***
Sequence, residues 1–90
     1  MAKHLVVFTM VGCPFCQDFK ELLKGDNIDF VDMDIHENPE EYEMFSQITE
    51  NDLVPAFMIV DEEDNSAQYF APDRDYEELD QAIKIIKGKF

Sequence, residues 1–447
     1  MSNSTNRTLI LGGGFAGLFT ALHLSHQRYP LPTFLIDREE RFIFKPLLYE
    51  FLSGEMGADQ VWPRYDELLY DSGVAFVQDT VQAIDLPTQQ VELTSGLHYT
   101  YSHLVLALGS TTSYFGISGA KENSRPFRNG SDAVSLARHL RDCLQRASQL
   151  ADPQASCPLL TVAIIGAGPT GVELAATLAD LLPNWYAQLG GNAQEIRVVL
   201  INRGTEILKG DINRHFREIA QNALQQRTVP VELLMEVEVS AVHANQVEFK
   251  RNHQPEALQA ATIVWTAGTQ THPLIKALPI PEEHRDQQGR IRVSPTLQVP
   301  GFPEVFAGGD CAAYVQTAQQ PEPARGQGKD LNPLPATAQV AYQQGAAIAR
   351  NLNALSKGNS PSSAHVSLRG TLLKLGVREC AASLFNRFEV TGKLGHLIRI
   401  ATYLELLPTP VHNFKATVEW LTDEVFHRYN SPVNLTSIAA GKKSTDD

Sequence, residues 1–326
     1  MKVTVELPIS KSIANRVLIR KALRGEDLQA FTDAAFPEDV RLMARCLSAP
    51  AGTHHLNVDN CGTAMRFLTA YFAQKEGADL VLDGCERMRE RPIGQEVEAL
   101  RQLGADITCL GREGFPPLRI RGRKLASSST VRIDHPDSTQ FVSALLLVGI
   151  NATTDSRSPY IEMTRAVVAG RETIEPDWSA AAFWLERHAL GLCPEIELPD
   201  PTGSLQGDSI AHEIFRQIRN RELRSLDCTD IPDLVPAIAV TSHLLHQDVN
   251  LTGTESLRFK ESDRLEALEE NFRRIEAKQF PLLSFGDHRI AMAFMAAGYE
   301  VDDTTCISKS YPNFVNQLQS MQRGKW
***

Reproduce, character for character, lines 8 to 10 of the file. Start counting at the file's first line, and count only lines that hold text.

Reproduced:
   151  ADPQASCPLL TVAIIGAGPT GVELAATLAD LLPNWYAQLG GNAQEIRVVL
   201  INRGTEILKG DINRHFREIA QNALQQRTVP VELLMEVEVS AVHANQVEFK
   251  RNHQPEALQA ATIVWTAGTQ THPLIKALPI PEEHRDQQGR IRVSPTLQVP